|About the Book|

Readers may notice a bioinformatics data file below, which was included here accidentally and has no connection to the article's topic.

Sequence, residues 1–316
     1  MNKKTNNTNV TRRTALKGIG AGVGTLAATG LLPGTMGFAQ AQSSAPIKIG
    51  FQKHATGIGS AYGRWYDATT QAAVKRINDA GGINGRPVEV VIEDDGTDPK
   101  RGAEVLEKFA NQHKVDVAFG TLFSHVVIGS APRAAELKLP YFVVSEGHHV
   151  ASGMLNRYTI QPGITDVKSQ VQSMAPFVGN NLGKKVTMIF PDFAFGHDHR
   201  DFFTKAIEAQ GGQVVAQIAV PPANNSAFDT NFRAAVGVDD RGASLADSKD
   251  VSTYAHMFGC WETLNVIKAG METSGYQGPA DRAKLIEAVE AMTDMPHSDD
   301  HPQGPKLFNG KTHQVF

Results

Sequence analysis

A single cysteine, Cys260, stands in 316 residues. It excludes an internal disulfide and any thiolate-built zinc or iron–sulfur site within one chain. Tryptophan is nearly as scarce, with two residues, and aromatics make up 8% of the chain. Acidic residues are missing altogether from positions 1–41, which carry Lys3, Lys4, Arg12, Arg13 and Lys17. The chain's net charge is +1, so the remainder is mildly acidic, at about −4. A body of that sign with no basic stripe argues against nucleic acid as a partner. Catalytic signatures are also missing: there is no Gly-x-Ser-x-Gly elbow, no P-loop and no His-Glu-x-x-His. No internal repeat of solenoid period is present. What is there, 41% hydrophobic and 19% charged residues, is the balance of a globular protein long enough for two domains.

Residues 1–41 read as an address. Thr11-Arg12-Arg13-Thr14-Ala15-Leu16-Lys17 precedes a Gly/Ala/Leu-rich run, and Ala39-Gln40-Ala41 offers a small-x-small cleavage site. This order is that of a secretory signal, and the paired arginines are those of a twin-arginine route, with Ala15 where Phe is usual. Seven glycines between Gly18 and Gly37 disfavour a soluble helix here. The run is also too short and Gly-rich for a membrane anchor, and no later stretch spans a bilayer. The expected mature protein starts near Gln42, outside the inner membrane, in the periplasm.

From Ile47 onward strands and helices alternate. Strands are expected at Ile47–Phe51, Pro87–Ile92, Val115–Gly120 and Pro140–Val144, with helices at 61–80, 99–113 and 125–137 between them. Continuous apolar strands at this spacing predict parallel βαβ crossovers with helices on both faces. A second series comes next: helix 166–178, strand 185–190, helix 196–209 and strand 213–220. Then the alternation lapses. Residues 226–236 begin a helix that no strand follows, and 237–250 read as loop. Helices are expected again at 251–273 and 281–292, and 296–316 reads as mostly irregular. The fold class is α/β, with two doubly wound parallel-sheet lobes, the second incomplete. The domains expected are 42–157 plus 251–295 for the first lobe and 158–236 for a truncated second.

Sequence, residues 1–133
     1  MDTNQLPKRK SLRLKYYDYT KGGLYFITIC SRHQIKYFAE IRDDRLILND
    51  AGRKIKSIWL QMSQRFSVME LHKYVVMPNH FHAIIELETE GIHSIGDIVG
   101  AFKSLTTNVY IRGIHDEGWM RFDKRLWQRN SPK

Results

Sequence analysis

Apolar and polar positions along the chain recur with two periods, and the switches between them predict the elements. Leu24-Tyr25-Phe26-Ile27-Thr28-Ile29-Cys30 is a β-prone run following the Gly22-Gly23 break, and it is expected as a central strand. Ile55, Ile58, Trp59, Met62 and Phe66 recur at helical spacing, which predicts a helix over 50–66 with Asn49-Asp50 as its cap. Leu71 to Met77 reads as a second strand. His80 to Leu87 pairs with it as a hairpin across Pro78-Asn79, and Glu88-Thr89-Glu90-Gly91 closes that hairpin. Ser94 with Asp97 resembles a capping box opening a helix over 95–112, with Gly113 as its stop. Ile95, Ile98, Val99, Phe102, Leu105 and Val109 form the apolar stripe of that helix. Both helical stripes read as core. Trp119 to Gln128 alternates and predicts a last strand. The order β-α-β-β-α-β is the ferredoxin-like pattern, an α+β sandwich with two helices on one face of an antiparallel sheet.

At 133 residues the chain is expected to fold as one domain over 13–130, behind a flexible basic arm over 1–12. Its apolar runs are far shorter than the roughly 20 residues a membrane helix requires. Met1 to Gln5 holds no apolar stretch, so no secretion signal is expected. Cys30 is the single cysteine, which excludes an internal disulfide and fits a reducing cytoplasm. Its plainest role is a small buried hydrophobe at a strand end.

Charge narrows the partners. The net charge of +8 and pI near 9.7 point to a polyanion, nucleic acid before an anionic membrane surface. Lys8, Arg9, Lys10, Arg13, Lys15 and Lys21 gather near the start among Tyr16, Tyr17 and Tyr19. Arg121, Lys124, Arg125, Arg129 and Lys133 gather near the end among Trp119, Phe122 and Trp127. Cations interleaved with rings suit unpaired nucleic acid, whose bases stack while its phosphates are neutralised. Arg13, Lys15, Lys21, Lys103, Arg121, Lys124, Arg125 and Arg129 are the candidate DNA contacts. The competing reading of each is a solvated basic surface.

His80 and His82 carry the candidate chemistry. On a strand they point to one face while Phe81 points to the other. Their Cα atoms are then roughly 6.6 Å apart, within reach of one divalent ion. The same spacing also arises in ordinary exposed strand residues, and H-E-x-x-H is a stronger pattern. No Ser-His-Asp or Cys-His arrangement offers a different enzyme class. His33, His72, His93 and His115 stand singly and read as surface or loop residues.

G. Roger Densons VOICE OF FORCE chronicles the escalating estrangement and tragedy that ensues as a gay man and a straight man search for mutual ground despite the family, faith, profits, and politics dividing themNewspaper critic Ragland Hughes isMoreG. Roger Densons VOICE OF FORCE chronicles the escalating estrangement and tragedy that ensues as a gay man and a straight man search for mutual ground despite the family, faith, profits, and politics dividing themNewspaper critic Ragland Hughes is openly gay. Opera tenor Cosimo Fratangelo is famously straight. No one gay or straight says a word as they watch the men’s relationship evolve from professional association to loving friendship—so long as both men remain alive and profitable.When the body of one of the men washes ashore off Long Island Sound, convulsive testimony indicts the survivor as the prosecution’s lone suspect. The media melee that ensues not only casts unwelcome light on the forces keeping a gay man and a straight man from enjoying friendship, it brands Hughes a predator of heterosexual men and Fratangelo a sociopath driven by ambition. As for the disparate voices having their say in the two men’s lives, sexuality is to be defined and judged as something much more than genital union.Part thwarted love story, part cautionary tale, part philosophical rant, VOICE OF FORCE sounds out the deep divide of sexual difference running through even the most liberal of enclaves. With Destiny seen as neither predestined path nor consequence of human choice but the balance of submission and resistance to the history bearing down on us, a simple criminal case is made a microcosm of ancient familial fear. We know a murder has been committed but in the end we’re left deciphering what the larger crime is and how long it’s been in the making.G. Roger Denson is a regular contributor to Huffington Post. He has written on art and culture for Art In America, Artscribe International, Parkett, Flash Art, and Bijutsu Techo. His screenplays include Anthony in the Desert, Appalachian Angels, and The Patient. This, his first novel, hands the novelist’s Godlike narration of events over to the multiple voices of society sounding out their force.